See the world, but stay in Vienna. Two series of photos taken in the city let you do both, albeit in different ways. A visual display for a time of travel restrictions: the Almost / Wiener Weltreisen exhibition organised by the Wien Museum.
- Photos from 2020 find echoes of the world in Vienna
- Photos from 1873 reveal the delights of the Viennese World Fair
- Open-air, so no ticket required
- Runs Feb 11 – May 23, 2021
- Followed by the Urban Natures exhibition from June 10, 2021
- See also:
- Current photo exhibitions in Vienna
Around the world in photos (sort of)
(Wiener Photographen-Association (publishing house), The 1873 World Fair: bird’s eye view (no number), 1873, Sammlung Wien Museum; reproduced with permission under the terms of the CC0 licence)
Curator Peter Stuiber has come up with a creative juxtaposition of two photo series that seem particularly relevant for the times we live in.
One of the many consequences of COVID has been, of course, restrictions on international travel. But how does the old saying go? If you can’t go to the world, then the world will have to come to you.
Such a concept suggests you’re going to get an exhibition of photos taken abroad.
The world does indeed come to you, but the photographers never left Vienna. A conundrum easily solved…
One photo series (Almost) comes from Wojciech Czaja.
Unlike those of us who spent much of 2020 debating which new instrument we’ll not, in fact, learn, this architecture journalist produced some moments of creative genius.
Czaja travelled on his moped through pandemic Vienna to photograph cityscapes, places, and urban atmospheres that bear resemblance to locations elsewhere in the world.
A golden statue carries echoes of Berlin’s zoo. Metal structures outside an old factory have an air of Detroit about them. That kind of thing.
The World Fair
The second series dates from 1873. Back then, limitations on international travel had nothing to do with pandemics and a lot to do with the costs.
A World Fair held in Vienna that year brought the art, architecture, culture, and industry of dozens of countries to the city in the form of temporary pavilions and other displays.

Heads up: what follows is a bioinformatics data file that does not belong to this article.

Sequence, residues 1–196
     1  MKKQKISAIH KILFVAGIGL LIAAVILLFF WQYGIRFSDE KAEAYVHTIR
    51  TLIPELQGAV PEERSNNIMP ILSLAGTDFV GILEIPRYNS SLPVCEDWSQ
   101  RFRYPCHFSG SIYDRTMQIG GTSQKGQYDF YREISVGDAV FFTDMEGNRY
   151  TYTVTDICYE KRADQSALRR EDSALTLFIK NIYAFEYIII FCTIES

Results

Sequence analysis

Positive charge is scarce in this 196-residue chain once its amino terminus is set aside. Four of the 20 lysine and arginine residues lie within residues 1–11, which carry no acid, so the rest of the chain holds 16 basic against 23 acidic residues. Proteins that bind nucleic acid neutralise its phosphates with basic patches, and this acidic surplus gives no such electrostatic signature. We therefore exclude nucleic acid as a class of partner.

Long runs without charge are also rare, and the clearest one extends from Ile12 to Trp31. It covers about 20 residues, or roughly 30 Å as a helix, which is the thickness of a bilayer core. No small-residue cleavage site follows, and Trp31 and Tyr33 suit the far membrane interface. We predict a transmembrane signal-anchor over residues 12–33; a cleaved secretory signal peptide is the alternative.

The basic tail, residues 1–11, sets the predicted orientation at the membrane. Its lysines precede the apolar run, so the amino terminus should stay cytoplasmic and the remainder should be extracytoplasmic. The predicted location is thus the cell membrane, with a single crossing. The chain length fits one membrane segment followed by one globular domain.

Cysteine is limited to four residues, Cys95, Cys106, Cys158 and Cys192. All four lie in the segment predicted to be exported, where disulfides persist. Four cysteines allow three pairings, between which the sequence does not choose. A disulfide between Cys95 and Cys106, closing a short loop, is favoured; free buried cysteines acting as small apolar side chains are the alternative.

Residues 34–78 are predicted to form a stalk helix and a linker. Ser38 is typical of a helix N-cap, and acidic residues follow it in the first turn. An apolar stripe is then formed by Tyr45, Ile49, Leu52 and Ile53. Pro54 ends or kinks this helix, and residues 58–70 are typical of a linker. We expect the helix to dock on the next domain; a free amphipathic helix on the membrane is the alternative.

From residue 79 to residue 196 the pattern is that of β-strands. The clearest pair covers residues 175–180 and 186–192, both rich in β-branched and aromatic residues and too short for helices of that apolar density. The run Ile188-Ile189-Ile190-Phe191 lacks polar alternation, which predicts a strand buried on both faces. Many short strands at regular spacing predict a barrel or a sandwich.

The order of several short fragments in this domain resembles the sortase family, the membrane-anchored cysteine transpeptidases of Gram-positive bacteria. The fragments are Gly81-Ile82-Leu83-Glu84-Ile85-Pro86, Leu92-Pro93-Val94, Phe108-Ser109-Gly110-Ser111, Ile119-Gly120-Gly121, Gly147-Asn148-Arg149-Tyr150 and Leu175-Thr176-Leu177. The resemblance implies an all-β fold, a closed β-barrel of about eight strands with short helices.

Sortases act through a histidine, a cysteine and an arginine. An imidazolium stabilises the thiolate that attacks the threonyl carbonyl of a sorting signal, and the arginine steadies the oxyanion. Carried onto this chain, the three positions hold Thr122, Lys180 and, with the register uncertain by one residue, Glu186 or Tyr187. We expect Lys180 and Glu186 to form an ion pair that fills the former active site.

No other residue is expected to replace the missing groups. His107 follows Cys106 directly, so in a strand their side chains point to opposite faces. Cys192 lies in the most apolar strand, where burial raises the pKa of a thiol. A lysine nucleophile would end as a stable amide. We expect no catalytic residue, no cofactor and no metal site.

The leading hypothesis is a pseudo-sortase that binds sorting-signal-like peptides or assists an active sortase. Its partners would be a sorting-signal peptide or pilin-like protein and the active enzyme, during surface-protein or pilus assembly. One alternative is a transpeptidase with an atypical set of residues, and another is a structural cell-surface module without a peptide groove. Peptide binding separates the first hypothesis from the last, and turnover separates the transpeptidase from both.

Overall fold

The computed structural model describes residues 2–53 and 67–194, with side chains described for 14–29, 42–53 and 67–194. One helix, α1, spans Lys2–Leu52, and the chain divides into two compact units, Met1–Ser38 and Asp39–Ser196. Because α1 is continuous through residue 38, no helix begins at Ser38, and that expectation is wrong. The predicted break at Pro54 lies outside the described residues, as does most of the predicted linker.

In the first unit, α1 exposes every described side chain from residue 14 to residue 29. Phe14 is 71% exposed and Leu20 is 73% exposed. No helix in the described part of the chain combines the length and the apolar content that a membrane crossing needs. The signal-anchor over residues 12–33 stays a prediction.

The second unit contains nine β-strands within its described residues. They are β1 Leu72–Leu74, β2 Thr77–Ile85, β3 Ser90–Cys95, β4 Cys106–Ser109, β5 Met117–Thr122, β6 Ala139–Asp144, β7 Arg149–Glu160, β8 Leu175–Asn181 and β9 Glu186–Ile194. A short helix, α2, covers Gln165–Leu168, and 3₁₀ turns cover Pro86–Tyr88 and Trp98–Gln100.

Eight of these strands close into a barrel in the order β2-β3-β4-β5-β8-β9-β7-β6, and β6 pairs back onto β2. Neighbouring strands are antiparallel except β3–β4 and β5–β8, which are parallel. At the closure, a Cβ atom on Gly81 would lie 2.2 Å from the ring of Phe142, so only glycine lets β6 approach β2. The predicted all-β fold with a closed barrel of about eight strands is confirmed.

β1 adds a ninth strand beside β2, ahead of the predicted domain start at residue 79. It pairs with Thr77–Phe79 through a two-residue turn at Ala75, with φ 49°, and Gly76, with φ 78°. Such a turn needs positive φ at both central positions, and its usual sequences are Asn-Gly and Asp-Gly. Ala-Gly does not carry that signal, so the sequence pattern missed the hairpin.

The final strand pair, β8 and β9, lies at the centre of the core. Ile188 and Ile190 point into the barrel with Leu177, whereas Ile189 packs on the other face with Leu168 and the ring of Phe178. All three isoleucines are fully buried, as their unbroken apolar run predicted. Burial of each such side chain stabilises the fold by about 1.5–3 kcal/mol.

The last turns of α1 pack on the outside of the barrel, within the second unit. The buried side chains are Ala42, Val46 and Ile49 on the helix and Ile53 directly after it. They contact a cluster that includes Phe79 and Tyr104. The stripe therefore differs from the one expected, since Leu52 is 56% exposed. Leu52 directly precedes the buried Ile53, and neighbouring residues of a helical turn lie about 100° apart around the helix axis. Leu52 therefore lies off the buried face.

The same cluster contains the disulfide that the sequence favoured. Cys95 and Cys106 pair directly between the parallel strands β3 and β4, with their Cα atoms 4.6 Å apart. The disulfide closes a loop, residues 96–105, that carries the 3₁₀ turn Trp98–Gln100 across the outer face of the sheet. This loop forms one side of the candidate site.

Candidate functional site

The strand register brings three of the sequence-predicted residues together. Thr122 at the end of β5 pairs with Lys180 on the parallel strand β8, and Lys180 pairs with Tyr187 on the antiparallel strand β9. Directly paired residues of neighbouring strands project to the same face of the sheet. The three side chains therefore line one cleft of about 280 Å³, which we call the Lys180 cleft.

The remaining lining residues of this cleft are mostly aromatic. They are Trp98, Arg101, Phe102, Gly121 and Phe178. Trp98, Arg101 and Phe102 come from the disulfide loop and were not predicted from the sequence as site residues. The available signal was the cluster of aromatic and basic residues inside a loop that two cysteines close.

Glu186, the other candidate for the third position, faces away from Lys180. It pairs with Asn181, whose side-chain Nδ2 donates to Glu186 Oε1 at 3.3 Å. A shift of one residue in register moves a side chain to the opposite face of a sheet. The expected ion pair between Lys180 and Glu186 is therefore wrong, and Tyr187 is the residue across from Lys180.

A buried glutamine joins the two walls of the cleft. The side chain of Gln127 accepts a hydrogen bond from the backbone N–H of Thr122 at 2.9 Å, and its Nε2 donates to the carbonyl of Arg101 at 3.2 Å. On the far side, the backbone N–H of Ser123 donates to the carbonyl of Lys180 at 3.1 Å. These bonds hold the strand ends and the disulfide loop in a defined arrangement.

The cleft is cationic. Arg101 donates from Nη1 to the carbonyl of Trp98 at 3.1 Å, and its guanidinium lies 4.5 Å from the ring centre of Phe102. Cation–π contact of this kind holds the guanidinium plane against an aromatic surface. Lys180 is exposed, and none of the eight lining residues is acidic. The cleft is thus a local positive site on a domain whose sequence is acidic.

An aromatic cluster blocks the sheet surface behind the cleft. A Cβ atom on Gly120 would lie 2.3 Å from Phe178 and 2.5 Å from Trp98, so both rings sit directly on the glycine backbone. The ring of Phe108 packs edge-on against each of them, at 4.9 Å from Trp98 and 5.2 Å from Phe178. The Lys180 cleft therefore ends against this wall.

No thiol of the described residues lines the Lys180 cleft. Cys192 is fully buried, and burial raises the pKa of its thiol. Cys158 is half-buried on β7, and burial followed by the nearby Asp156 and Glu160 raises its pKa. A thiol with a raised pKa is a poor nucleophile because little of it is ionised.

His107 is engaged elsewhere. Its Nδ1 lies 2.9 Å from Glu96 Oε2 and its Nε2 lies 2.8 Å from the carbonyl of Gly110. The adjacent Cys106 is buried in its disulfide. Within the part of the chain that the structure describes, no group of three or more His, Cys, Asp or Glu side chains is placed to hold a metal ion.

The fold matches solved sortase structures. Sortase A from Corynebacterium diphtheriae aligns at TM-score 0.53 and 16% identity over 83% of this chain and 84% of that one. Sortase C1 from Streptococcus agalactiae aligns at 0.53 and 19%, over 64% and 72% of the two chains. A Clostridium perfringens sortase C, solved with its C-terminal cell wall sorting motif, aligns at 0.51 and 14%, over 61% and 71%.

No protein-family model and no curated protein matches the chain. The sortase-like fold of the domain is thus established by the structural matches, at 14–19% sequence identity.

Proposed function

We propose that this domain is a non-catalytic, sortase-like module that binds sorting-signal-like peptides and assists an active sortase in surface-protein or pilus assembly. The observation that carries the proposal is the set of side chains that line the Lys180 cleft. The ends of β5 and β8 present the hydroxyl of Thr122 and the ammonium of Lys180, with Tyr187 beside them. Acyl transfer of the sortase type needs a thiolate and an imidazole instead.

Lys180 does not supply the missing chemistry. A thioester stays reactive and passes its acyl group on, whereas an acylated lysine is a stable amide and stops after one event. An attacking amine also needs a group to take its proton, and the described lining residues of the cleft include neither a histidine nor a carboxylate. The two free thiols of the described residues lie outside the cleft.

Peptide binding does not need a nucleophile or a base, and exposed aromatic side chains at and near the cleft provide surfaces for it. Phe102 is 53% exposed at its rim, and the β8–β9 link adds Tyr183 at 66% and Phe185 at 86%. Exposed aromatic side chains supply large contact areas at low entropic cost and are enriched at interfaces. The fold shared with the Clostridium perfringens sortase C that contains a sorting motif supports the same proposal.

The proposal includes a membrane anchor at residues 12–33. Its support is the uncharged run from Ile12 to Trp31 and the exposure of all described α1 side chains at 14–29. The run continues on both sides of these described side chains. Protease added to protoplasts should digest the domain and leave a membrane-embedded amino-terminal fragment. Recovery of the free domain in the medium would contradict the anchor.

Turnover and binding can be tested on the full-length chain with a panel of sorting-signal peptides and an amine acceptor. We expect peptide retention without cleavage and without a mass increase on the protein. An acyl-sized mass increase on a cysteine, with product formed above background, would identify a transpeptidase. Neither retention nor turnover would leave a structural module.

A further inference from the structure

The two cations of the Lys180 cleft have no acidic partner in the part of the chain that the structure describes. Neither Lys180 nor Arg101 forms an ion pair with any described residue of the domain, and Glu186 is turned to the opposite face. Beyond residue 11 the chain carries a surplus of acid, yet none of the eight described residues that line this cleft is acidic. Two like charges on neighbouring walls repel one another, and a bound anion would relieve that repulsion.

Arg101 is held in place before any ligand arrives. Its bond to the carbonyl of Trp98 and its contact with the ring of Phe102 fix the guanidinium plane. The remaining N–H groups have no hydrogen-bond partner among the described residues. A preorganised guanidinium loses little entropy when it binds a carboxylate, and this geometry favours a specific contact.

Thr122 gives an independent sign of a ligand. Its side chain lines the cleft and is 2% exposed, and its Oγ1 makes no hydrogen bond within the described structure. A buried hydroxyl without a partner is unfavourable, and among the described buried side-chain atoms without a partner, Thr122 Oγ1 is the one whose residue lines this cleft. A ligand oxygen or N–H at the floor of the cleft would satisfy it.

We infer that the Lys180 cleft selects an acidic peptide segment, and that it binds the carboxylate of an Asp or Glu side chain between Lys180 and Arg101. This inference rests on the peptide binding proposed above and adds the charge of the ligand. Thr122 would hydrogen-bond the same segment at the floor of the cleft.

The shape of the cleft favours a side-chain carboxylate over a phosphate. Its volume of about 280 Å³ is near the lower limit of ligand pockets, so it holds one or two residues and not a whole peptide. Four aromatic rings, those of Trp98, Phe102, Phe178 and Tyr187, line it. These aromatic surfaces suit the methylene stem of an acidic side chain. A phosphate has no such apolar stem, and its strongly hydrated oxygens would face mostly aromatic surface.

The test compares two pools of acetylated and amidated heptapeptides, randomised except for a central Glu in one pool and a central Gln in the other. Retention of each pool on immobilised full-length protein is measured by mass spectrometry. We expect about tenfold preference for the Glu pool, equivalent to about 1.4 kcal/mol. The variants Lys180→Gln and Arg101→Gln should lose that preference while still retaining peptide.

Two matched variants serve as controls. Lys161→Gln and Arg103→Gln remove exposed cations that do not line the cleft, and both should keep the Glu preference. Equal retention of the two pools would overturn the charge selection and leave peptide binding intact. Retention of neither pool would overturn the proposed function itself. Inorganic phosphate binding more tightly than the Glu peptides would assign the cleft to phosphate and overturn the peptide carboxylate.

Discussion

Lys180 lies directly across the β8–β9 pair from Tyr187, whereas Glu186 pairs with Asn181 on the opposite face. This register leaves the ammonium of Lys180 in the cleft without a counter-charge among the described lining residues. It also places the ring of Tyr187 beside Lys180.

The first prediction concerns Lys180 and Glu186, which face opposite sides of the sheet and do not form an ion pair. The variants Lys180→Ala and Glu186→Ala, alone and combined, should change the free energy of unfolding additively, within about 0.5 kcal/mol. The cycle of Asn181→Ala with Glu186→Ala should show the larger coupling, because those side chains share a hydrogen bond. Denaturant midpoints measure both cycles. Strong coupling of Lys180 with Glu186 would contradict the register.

Over 7 million people visited the fair (about ten times the population of the city at the time).
Fortunately for us, the Viennese photographers association turned the sights of this momentous event into souvenir photos, some of which now form part of the exhibition.
Even without seeing the photos in either series, you can imagine how the exhibition immediately raises issues of perception, reality, commonality, and similar.
The Wien Museum is a building site right now, so the exhibition makes the proverbial virtue out of necessity by occupying the fence around the construction area.
Tickets and dates
View the photos any time between February 11th, 2021 and May 23rd, 2021.
The outdoor concept means opening times are, essentially, 24/7, and you need no ticket. Can’t really argue with that: free, all-hours access to culture.
If you’re a fan of the art of photography, drop into the Kunst Haus Wien, which has a concurrent photo exhibition for some the same period entitled After us, the flood that documents and illustrates the environmental crisis. The Elfie Semotan exhibition follows at the end of April.
You might also like an article I put together which matches historical photos of Vienna with how things look today.
How to get to the exhibition
To find the building site around the Wien Museum, just make your way to the front of the Karlskirche church and look left.
Subway: Karlsplatz station is on the U1, U2 and U4 subway lines. Take the Resselpark exit on the east side of this large underground station and just go straight ahead to reach the exhibition.
Tram: a short walk from Schwarzenbergplatz (tram lines 2, 71, or D) and Gußhausstraße (tram line D).
Address: Karlsplatz, 1040 Vienna